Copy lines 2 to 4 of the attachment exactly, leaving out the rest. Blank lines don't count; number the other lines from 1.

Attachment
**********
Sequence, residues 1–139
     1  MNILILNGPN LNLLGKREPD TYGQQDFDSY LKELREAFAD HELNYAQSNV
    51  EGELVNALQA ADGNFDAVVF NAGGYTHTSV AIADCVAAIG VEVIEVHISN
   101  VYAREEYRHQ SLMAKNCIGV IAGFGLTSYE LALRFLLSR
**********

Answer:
     1  MNILILNGPN LNLLGKREPD TYGQQDFDSY LKELREAFAD HELNYAQSNV
    51  EGELVNALQA ADGNFDAVVF NAGGYTHTSV AIADCVAAIG VEVIEVHISN
   101  VYAREEYRHQ SLMAKNCIGV IAGFGLTSYE LALRFLLSR